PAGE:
“Higher Educator of the Year” was born to teach–and lead

Loretta Ragsdell, an adjunct faculty member at the City Colleges of Chicago, likes to say she “was born with a textbook in one hand and a lesson plan in the other.” So it’s not surprising that she was recently honored as the first-ever National Council for Higher Education Higher Educator of the Year.

I’ve known Loretta, president of the part-time faculty union at CCC and a member of the NEA Board of Directors, for several years. When it comes to passion for students and public higher education, it’s hard to find someone as dedicated as she is. Throughout her career, Loretta has championed academic freedom and respect and fair wages for her colleagues.

She also adamantly and eloquently warned against applying the corporate model to higher education. Treating campuses like “Walmart U.” doesn’t do justice to either students or educators.

“Community colleges are supposed to provide a nurturing environment for students. But they’re changing the City Colleges into a corporate model for those who can afford to pay, and those who have the time to attend full-time,” Loretta told the NEA Higher Education Advocate last year. “And down here, you’ve got all the adjuncts holding it up. They’re really making a living off our backs.”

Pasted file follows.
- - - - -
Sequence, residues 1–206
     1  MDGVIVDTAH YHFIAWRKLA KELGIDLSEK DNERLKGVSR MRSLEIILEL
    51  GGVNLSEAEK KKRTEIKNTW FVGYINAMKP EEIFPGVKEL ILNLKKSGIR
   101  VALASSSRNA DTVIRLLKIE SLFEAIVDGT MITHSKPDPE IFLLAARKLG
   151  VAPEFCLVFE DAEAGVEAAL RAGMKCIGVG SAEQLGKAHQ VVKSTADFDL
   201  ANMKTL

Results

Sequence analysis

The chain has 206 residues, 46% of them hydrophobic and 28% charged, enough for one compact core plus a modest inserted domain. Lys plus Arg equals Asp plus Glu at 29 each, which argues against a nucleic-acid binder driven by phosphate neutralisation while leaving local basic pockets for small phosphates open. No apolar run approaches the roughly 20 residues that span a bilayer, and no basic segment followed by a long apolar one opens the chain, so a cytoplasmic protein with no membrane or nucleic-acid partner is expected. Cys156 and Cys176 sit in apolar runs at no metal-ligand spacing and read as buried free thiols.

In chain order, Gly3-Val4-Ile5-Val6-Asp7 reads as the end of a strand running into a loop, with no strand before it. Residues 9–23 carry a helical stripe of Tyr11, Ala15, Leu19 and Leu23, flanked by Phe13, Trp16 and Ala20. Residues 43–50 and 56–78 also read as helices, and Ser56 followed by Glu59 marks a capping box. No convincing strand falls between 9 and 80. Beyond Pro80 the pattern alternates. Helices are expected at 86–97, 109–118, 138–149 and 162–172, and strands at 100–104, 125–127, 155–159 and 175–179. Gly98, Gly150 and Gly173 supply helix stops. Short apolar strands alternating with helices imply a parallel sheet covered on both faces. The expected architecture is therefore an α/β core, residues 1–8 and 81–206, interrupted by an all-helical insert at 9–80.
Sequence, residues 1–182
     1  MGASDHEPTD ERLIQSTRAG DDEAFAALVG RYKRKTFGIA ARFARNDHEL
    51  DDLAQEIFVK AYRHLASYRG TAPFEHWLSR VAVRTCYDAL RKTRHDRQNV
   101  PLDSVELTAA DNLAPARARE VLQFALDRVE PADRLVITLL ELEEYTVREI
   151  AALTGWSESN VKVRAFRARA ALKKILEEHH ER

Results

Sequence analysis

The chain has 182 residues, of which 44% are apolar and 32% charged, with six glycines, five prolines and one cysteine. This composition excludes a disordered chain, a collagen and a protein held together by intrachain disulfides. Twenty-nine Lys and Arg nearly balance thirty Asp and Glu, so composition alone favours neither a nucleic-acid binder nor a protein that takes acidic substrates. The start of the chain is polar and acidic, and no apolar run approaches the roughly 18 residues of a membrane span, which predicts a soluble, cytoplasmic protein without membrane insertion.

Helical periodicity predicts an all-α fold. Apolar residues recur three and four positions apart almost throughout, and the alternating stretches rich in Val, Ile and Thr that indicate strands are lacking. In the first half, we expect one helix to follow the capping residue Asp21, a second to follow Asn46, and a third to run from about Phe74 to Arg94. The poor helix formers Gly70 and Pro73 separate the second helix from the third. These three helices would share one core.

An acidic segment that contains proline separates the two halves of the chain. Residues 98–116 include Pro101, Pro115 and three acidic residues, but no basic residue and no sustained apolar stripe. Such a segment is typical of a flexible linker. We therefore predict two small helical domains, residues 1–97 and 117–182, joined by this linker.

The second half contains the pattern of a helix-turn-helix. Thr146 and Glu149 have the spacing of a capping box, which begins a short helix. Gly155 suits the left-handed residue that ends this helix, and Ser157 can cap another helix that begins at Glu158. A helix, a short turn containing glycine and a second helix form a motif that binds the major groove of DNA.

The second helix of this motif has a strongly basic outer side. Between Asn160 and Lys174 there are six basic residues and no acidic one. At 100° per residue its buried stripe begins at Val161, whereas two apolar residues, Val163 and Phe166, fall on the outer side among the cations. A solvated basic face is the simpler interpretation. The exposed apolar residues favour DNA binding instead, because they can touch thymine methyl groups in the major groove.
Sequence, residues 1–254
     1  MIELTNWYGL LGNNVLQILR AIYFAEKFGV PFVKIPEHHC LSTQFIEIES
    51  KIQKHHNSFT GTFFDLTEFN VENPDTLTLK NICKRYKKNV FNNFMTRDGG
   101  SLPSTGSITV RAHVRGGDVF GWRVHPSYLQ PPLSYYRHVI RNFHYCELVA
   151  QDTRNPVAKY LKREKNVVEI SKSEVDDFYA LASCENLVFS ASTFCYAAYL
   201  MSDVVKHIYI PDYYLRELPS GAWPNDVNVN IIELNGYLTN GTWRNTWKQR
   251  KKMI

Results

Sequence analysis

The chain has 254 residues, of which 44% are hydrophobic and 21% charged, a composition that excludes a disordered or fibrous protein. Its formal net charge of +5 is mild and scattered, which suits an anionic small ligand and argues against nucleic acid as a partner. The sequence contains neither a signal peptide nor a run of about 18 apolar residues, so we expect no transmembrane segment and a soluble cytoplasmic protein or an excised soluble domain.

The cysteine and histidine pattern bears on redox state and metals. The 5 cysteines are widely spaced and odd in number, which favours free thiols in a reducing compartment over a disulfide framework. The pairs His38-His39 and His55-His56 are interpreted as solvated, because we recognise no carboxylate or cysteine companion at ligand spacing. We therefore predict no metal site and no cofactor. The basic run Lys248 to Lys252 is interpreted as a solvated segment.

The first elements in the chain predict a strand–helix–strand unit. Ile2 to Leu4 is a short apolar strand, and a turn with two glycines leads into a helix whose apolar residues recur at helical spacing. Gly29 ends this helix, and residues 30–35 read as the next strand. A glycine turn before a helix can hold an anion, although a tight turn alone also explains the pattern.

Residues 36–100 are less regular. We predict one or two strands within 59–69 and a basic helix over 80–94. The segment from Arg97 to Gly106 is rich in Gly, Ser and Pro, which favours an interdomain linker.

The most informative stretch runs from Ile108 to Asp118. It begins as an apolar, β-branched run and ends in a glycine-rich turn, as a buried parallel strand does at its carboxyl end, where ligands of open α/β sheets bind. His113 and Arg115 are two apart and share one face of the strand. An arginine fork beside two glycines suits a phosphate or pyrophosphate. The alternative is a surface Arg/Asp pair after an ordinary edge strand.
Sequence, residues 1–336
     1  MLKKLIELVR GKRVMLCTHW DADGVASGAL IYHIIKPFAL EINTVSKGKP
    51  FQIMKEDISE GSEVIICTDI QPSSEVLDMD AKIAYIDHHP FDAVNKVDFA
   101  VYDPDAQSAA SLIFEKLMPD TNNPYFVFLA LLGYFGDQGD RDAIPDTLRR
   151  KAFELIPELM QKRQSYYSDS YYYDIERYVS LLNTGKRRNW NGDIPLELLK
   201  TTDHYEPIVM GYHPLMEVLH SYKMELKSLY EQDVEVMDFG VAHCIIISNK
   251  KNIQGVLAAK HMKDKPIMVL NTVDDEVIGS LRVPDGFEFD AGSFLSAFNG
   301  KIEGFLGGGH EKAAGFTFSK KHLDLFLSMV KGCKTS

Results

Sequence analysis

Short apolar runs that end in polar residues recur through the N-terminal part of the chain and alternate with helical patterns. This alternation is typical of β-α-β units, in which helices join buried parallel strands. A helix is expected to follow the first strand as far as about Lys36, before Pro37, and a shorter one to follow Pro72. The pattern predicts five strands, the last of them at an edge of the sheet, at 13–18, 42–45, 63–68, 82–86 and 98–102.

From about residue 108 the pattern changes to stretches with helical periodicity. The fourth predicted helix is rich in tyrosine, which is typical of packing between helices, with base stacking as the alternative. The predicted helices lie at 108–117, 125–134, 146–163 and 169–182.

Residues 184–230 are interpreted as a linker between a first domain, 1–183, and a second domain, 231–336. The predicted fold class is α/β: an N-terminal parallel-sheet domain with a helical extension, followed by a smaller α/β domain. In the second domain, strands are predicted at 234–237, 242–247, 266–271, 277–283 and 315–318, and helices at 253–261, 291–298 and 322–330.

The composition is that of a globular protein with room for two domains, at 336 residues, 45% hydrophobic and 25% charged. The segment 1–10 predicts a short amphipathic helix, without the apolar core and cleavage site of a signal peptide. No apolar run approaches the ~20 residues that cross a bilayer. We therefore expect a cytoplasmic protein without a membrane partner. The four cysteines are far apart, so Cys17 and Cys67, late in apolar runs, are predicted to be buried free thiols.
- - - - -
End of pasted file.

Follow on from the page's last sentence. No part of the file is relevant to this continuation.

This year, after years of persistence, her union won a contract that provides retroactive bonuses ranging from 2 percent in 2012-13 to more than 10 percent in 2016-17. The contract provides for professional development as well.

Adjunct faculty across the nation are replicating Loretta’s never-give-up attitude. They teach the majority of postsecondary students in America and are committed educators who devote themselves to their craft and their students. They deserve much better treatment on colleges campuses than they get.

Loretta gave a powerful acceptance speech at the NEA Annual Meeting and Representative Assembly; click here to hear it.


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